Legislature(2011 - 2012)BELTZ 105 (TSBldg)
04/03/2012 03:30 PM COMMUNITY & REGIONAL AFFAIRS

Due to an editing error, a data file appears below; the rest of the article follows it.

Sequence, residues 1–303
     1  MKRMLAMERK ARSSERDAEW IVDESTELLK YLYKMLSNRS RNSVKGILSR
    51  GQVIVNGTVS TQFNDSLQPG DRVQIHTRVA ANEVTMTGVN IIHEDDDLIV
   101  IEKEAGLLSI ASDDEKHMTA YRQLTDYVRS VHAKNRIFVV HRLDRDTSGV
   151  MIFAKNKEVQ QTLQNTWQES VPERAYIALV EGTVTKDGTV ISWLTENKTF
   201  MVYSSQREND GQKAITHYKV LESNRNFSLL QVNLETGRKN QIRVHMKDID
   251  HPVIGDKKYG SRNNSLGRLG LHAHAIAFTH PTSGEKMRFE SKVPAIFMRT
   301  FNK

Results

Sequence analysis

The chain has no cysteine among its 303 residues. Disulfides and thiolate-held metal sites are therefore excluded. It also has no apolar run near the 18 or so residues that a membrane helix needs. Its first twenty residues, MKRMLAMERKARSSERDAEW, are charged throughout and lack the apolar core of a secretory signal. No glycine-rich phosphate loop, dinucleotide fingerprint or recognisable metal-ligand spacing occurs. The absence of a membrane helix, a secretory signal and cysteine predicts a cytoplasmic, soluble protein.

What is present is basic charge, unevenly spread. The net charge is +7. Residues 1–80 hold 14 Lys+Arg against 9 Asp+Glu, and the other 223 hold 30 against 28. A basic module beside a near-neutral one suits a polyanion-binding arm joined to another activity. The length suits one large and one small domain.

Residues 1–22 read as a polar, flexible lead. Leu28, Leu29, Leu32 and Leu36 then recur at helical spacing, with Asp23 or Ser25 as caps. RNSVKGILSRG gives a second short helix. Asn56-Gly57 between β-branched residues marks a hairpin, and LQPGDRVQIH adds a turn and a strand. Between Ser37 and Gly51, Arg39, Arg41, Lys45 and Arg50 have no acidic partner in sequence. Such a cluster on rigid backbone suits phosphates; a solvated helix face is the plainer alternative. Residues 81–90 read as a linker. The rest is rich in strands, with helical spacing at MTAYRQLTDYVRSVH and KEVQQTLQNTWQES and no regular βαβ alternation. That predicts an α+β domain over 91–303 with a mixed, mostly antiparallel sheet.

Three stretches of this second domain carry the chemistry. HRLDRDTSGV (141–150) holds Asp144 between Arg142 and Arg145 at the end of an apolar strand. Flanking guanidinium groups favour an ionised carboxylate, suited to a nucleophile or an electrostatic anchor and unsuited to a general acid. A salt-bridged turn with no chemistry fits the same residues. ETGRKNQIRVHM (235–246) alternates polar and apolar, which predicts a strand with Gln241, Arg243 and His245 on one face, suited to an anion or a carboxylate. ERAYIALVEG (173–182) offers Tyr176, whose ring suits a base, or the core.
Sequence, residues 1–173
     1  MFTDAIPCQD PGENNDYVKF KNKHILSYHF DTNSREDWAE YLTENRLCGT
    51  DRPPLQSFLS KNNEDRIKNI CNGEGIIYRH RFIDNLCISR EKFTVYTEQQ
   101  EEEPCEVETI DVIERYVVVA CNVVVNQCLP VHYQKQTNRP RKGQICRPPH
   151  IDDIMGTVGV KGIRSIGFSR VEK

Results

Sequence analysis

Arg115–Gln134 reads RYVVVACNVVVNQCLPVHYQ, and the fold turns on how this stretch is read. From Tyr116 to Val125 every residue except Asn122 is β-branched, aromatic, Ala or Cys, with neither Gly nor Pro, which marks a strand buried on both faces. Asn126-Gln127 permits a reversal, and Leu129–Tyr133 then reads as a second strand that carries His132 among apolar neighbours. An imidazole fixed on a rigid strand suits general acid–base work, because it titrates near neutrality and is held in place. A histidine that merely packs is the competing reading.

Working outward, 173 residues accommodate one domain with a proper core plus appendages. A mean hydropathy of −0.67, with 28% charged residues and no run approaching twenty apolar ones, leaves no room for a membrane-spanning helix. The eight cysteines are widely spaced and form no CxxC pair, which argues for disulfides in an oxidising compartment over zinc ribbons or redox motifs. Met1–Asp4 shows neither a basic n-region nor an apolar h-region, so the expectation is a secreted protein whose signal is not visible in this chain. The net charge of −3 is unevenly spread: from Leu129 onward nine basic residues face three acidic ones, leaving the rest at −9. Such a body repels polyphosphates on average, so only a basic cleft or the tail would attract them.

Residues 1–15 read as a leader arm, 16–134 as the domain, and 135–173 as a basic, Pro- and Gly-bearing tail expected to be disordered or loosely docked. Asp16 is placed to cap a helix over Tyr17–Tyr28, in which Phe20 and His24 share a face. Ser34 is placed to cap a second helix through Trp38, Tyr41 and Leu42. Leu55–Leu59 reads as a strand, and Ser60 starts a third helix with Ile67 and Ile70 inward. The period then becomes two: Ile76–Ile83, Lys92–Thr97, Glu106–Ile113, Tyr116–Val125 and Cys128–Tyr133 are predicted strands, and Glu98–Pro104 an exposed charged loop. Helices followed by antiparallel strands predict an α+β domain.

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ALASKA STATE LEGISLATURE SENATE COMMUNITY AND REGIONAL AFFAIRS STANDING COMMITTEE April 3, 2012 3:34 p.m. MEMBERS PRESENT Senator Donald Olson, Chair Senator Thomas Wagoner Senator Albert Kookesh Senator Linda Menard MEMBERS ABSENT Senator Johnny Ellis OTHER LEGISLATORS PRESENT Representative Cathy Munoz COMMITTEE CALENDAR CS FOR HOUSE BILL NO. 9(FIN) am "An Act relating to the Alaska Gasline Development Corporation, a subsidiary created by the Alaska Housing Finance Corporation; establishing and relating to the in-state natural gas pipeline fund; making certain information provided to or by the Alaska Gasline Development Corporation exempt from inspection as a public record; relating to the Joint In-State Gasline Development Team; relating to the judicial review of a right-of- way lease or an action or decision related to the development or construction of an oil or gas pipeline on state land; relating to the lease of a right-of-way by the Alaska Gasline Development Corporation or a successor in interest for a gas pipeline transportation corridor; relating to the cost of natural resources, permits, and leases provided to the Alaska Gasline Development Corporation; relating to the review of natural gas transportation contracts by the Regulatory Commission of Alaska; relating to the regulation by the Regulatory Commission of Alaska of an in-state gas pipeline project developed by the Alaska Gasline Development Corporation; relating to the regulation by the Regulatory Commission of Alaska of an in-state natural gas pipeline that is expressly authorized to provide transportation as a contract carrier; relating to the Alaska Natural Gas Development Authority; relating to the procurement of certain services by the Alaska Natural Gas Development Authority; exempting property of a project developed by the Alaska Gasline Development Corporation from property taxes before the commencement of commercial operations; and providing for an effective date." - REMOVED FROM AGENDA SENATE BILL NO. 223 "An Act relating to a credit against the net income tax for a contribution made by a taxpayer to a nonprofit organization that provides an emergency shelter for the homeless or a facility for alcohol or drug detoxification." - MOVED CSSB 223(CRA) OUT OF COMMITTEE COMMITTEE SUBSTITUTE FOR HOUSE BILL NO. 264(CRA) "An Act allowing a deferral of municipal property taxes on the increase in the value of real property attributable to subdivision of that property; and providing for an effective date." - HEARD & HELD PREVIOUS COMMITTEE ACTION BILL: SB 223 SHORT TITLE: TAX CRED: CONTR. TO HOMELESS SHELT/DETOX SPONSOR(s): COMMUNITY & REGIONAL AFFAIRS 03/02/12 (S) READ THE FIRST TIME - REFERRALS 03/02/12 (S) CRA, FIN 03/15/12 (S) CRA AT 3:30 PM BELTZ 105 (TSBldg) 03/15/12 (S) Heard & Held 03/15/12 (S) MINUTE(CRA) 03/27/12 (S) CRA AT 3:30 PM BELTZ 105 (TSBldg) 03/27/12 (S) Heard & Held 03/27/12 (S) MINUTE(CRA) 03/29/12 (S) CRA AT 3:30 PM BELTZ 105 (TSBldg) 03/29/12 (S) Heard & Held 03/29/12 (S) MINUTE(CRA) 04/03/12 (S) CRA AT 3:30 PM BELTZ 105 (TSBldg) BILL: HB 264 SHORT TITLE: MUNI PROPERTY TAX DEFERRAL: SUBDIVISIONS SPONSOR(s): REPRESENTATIVE(s) MUNOZ 01/17/12 (H) PREFILE RELEASED 1/13/12 01/17/12 (H) READ THE FIRST TIME - REFERRALS 01/17/12 (H) CRA, FIN 02/14/12 (H) CRA AT 8:00 AM BARNES 124 02/14/12 (H) Heard & Held 02/14/12 (H) MINUTE(CRA) 02/16/12 (H) CRA AT 8:00 AM BARNES 124 02/16/12 (H) Moved CSHB 264(CRA) Out of Committee 02/16/12 (H) MINUTE(CRA) 02/17/12 (H) CRA RPT CS(CRA) 5DP 02/17/12 (H) DP: AUSTERMAN, CISSNA, GARDNER, FOSTER, MUNOZ 02/22/12 (H) FIN AT 1:30 PM HOUSE FINANCE 519 02/22/12 (H) Moved CSHB 264(CRA) Out of Committee 02/22/12 (H) MINUTE(FIN) 02/24/12 (H) FIN RPT CS(CRA) 5DP 3NR 02/24/12 (H) DP: NEUMAN, GARA, EDGMON, STOLTZE, THOMAS 02/24/12 (H) NR: FAIRCLOUGH, T.WILSON, DOOGAN 03/26/12 (H) TRANSMITTED TO (S) 03/26/12 (H) VERSION: CSHB 264(CRA) 03/28/12 (S) READ THE FIRST TIME - REFERRALS 03/28/12 (S) CRA 04/03/12 (S) CRA AT 3:30 PM BELTZ 105 (TSBldg) WITNESS REGISTER DAVID SCOTT, Staff Senator Donald Olson Alaska State Legislature Juneau, Alaska POSITION STATEMENT: Explained the amendment for SB 223. BRIDIE TRAINOR, Director Wellness Program Kawerak, Inc. Nome, Alaska POSITION STATEMENT: Supported SB 223. MICHAEL WILLIAMS, Revenue Auditor Treasury Division Department of Revenue Anchorage, Alaska POSITION STATEMENT: Answered questions related to SB 223. REPRESENTATIVE CATHY MUNOZ Alaska State Legislature Juneau, Alaska POSITION STATEMENT: Sponsor of HB 264. DARRELL BOURNE, Secretary Board of Directors Alaska State Home Builders Association Fairbanks, Alaska POSITION STATEMENT: Supports HB 264. DAVID OWENS, Legislative Chair Alaska State Home Building Association Palmer, Alaska POSITION STATEMENT: Supported HB 264. CHARLES EDWARDSON, President Alaska State Home Builders Association Ketchikan, Alaska POSITION STATEMENT: Supported HB 264. BRUCE GRIGGS, Contractor SJS Excavation Juneau, Alaska POSITION STATEMENT: Supported HB 264. DAVID HANNA General Contractor Juneau, Alaska POSITION STATEMENT: Supported HB 264. ACTION NARRATIVE 3:34:06 PM CHAIR DONALD OLSON called the Senate Community and Regional Affairs Standing Committee meeting to order at 3:34 p.m. Present at the call to order were Senators Wagoner, Kookesh, and Chair Olson. Senator Menard arrived soon thereafter. SB 223-TAX CRED: CONTR. TO HOMELESS SHELT/DETOX 3:34:29 PM CHAIR OLSON announced the consideration of SB 223, which relates to a tax credit for homeless shelters and detoxification facilities. The bill was heard three previous times. DAVID SCOTT, Staff, Senator Donald Olson, Alaska State Legislature, said the committee amended the bill during the last hearing and it was held in committee to provide time for the public review the change and comment. The committee has since received letters of support from the Covenant House and the Alaska Network on Domestic Violence. CHAIR OLSON asked Mr. Scott to review the bill briefly. 3:35:50 PM SENATOR MENARD joined the meeting. MR. SCOTT explained that the bill provides a tax credit up to $200,000 to a business that donates to a nonprofit organization that provides emergency shelter for the homeless or a facility for alcohol or drug detoxification. He highlighted the changes from the original bill. The credit is only available to those nonprofits established on or before January 1, 2012; there is a five-year sunset so that a future legislature can evaluate the program; and DCCED, not the taxpayer, reports to the legislature the amounts of the contributions, the recipients, and the total credit claimed. 3:37:39 PM BRIDIE TRAINOR, Director, Kawerak Wellness Program, Kawerak, Inc., said she was also testifying on behalf of the regional wellness forum. She stated support for SB 223 and noted that a letter of support was also sent by the regional wellness forum. She said the tax credit bill is an excellent way for the state to increase funding for homeless or facilities that provide alcohol and drug detoxification services. MS. TRAINOR said the regional hospital in Nome is constantly helping people who should either be referred to a detoxification center or admitted to an inpatient treatment facility, but are instead held in jail temporarily. She cited alcohol-related statistics since the Nome treatment center closed in 2000. She said services to help the homeless population in Nome and throughout Alaska are also needed; many in this population have died of exposure. She urged passage of SB 223. CHAIR OLSON asked Mr. Williams what fiscal impact SB 223 will have for the state. 3:39:51 PM MICHAEL WILLIAMS, Auditor, Treasury Division, Department of Revenue, stated that the fiscal note is indeterminate; it would be based on the amount that corporations decide to give to these nonprofit organizations. CHAIR OLSON asked what DOR anticipates in five years. MR. WILLIAMS declined to speculate until a fiscal note is prepared for version E. CHAIR OLSON surmised that the impact would be negligible, given the size of the state's budget. MR. WILLIAMS responded that DOR believes it would be able to administer the provision under existing budgets and staff. The fiscal note would reflect zero cost, but there was no estimate at this time on the revenue impact. CHAIR OLSON asked Mr. Scott if he had closing comments. MR. SCOTT stated that there is a problem in Alaska with homelessness and chronic alcohol abuse. The bill seeks to encourage help from local philanthropic organizations. 3:42:05 PM SENATOR MENARD commented that homelessness and alcohol abuse affects everyone. She urged support for the bill. CHAIR OLSON found no further questions or discussion and asked the will of the committee. 3:43:03 PM SENATOR WAGONER moved to report CS for SB 223(CRA) from committee with individual recommendations and attached fiscal note(s). 3:43:28 PM CHAIR OLSON announced that without objection CSSB 223(CRA) moved from the Senate Community and Regional Affairs Standing Committee. At ease from 3:43 p.m. to 3:45 p.m. HB 264-MUNI PROPERTY TAX DEFERRAL: SUBDIVISIONS 3:45:05 PM CHAIR OLSON announced the consideration of HB 264, which relates to a municipal property tax deferral for subdivisions. 3:46:58 PM REPRESENTATIVE CATHY MUNOZ, Alaska State Legislature, sponsor of HB 264 introduced the bill speaking to the following sponsor statement: Passage of House Bill 264 will give municipalities the option to provide an incentive to develop land for housing by deferring for up to five years a property tax increase associated with subdividing a piece of property into three or more parcels. The measure would give municipalities the flexibility to defer increases in property taxes on subdivided parcels until a lot is sold or a city grants a building permit for that piece of property. It would allow a local government to adopt the optional deferral for all or a portion of a subdivided portion. It would let a municipality decide the terms of paying the tax deferral and when those payments would be due. Supporters of this measure say it would remove a disincentive for developing privately owned property by holding taxes at the undeveloped land value until improvements occur that lead to a parcel's being developed and sold - thus becoming more valuable and capable of generating more revenues for local governments that choose to exercise this option. The purpose of the bill is to encourage land development for more housing and let local governments decide whether a property tax deferral will benefit them. 3:47:38 PM SENATOR MENARD noted that the Alaska Municipal League (AML) submitted a letter opposing HB 264. She asked if anything had changed since that letter was written. REPRESENTATIVE MUNOZ responded that AML was neutral on the bill. She emphasized that this was a tax deferral not an exemption and it was optional. SENATOR MENARD summarized her understanding of the bill and AML's opposition. REPRESENTATIVE MUNOZ said the intent was always to provide an option for a tax deferral, but the original title said "exemption" and AML is generally opposed to bills that exempt property taxes. AML has since withdrawn its objection and is now neutral on the legislation. SENATOR MENARD suggested that if AML revised its position it should be clarified in the bill packet. 3:50:02 PM REPRESENTATIVE MUNOZ said she agreed. SENATOR WAGONER asked who would eventually pay the deferred tax. REPRESENTATIVE MUNOZ answered that the responsibility lies with the developer and the deferred tax is due when the lot sells. CHAIR OLSON asked if the purchaser actually pays. REPRESENTATIVE MUNOZ answered that it becomes part of the carrying cost for the development of the land. The bill allows the developer to move forward without the additional carrying costs of ongoing property tax from increased assessments. This makes development in communities more likely. SENATOR MENARD reviewed the provisions and asked for confirmation that the developer would eventually pay the deferred taxes. REPRESENTATIVE MUNOZ said yes; it is an optional provision for up to five years on all or a portion of the parcels in a subdivision. SENATOR MENARD asked who would decide if the deferral is for all the parcels or just a portion. REPRESENTATIVE MUNOZ answered that it would be done by municipal ordinance. SENATOR MENARD asked if municipalities negotiated for that. REPRESENTATIVE MUNOZ answered no; optional property tax exemptions and deferrals must be instigated by the municipality through ordinance. SENATOR KOOKESH asked how she decided that three parcels constitutes a subdivision. REPRESENTATIVE MUNOZ said the intent was to avoid the situation of an individual subdividing their property into two lots and not developing one in order to defer taxes. The legislation seeks to increase housing stock in the community. 3:53:16 PM SENATOR KOOKESH asked for clarification that dividing a piece of property into two parcels is not considered a subdivision but three parcels is considered a subdivision. REPRESENTATIVE MUNOZ reiterated her previous answer. CHAIR OLSON commented the intention is to keep property owners from manipulating the system. REPRESENTATIVE MUNOZ responded that she would hope to avoid that. SENATOR MENARD asked how many Alaskans own five acres. REPRESENTATIVE MUNOZ said she could not speak to the number of parcels this would affect, but Juneau has a very limited land base and the bill seeks to encourage more development of that limited land base. . CHAIR OLSON asked how this would affect second-class cities that do not have a property tax. REPRESENTATIVE MUNOZ answered that in areas where there is no planning and zoning authority, the deferral would end when a property is developed or sold. CHAIR OLSON asked how properties in the unorganized borough would be affected. REPRESENTATIVE MUNOZ reiterated that in those jurisdictions without a permitting authority, the deferral ends when a house is built or a lot is sold. CHAIR OLSON opened public testimony. 3:56:07 PM DARRELL BOURNE, Secretary, Board of Directors, Alaska State Home Builders Association, and President Interior Alaska Building Association, testified in support of HB 264. He relayed his experience as a partner in a 52-acre subdivision outside of Fairbanks. The roads and power were completed five years ago and two ten-acre parcels were subdivided so that he and his partner could build new homes. However, the new home market has been soft and they have sold just three homes. The only interest is from the higher-end market and those people want the riverfront lots that have yet to be subdivided. MR. BOURNE said that if the Fairbanks North Star Borough were to adopt this amendment, he was confident that he and his partner could accommodate two people who were interested in having homes built this summer. HB 264 would have a positive effect on Fairbanks builders and the local government tax base, he stated. 3:59:24 PM SENATOR MENARD asked if he was referring to spec or custom homes. MR. BOURNE answered he was talking about custom homes. If HB 264 were to pass, he could subdivide four or five riverfront lots, sell two, and have up to five years to sell the others before he had to pay the higher taxes. CHAIR OLSON asked if there are developers that might go bankrupt if this bill did not pass. MR. BOURNE answered that he did not know, but this year is the most difficult in recent years. He added that the bill would directly affect him and one or two others in the association. SENATOR MENARD asked if the high-energy costs in Fairbanks were a factor in the soft new home market. MR. BOURNE answered yes. 4:02:15 PM DAVID OWENS, Legislative Chair, Alaska State Home Builders Association, testified in support of HB 264. It is expensive to develop property so it would be beneficial to be able to defer the higher taxes until the lots are sold. It would encourage development of an entire subdivision instead the piecemeal approach. He encouraged the committee to pass the bill. 4:03:37 PM CHARLES EDWARDSON, President, Alaska State Home Builders Association and Workforce Development Director, Ketchikan Indian Community (KIC), testified in support of HB 264. He relayed that KIC is developing 19 city lots to construct affordable housing. If the municipality takes advantage of the provisions in HB 264, it might accelerate this development. He reiterated support for the bill. 4:06:27 PM BRUCE GRIGGS, Contractor, SJS Excavation, said he had been a developer in the Juneau area for 15 years. He described a seven- lot subdivision near McDonalds that he had worked on for six years. The property tax on the raw piece of land was about $1,000 per month, but it increased to $3,500 per month as soon as the property was platted. To date, he and his family have paid an additional $62,000 in property tax on that parcel. He relayed that he was afraid to submit the plat and apply for permits on another much larger parcel because the property tax would immediately increase before any development takes place. It does not make economic sense to move ahead. CHAIR OLSON asked how developers stay in business. MR. GRIGGS acknowledged that it was a good question. He described a development from several years ago that was a "homerun," but since then the market dropped. SENATOR WAGONER pointed out that this does not guarantee that the borough will change the tax policy. MR. GRIGGS responded that the City and Borough of Juneau (CBJ) indicated it would adopt this option. SENATOR MENARD asked if he had appealed the assessment. MR. GRIGGS said $3,500 a month was the appealed price. SENATOR MENARD relayed a personal experience. 4:15:02 PM DAVID HANNA, General Contractor, testified in support of HB 264. He said he had been floating this idea for 10 years and Representative Munoz was the first legislator to bring it forth. He said not everybody understands how difficult it is for developers to get things done in many parts of Alaska. Developing a subdivision is a time-consuming, costly process, and property taxes increase before a shovelful of dirt is turned. This causes developers to hold back and sometimes they miss a boom. Even sadder is when a developer is sitting on a subdivision, paying higher taxes, and has no sales. Often the developer will not go forward with the subdivision. This creates a diminished basis of land available for people to build houses. HB 264 will help this situation. SENATOR MENARD asked if banks were holding back on lines of credit. MR. HANNA confirmed that it was much more difficult to get a loan for any speculative venture. SENATOR MENARD observed that that was another strong argument in support of the bill. CHAIR OLSON questioned why boroughs and municipalities couldn't do this individually in order to encourage development. 4:21:21 PM REPRESENTATIVE MUNOZ said state law requires property to be assessed at fair market value, so as soon as a subdivision plat is approved the municipality is compelled to adjust the assessment even though no work has occurred. She thanked the committee for hearing the bill and opined that it was a good piece of legislation. It is flexible and incorporates the concerns of municipalities throughout the state. CHAIR OLSON held HB 264 in committee. 4:23:14 PM There being no further business to come before the committee, Chair Olson adjourned the Senate Community and Regional Affairs Standing Committee meeting at 4:23 p.m.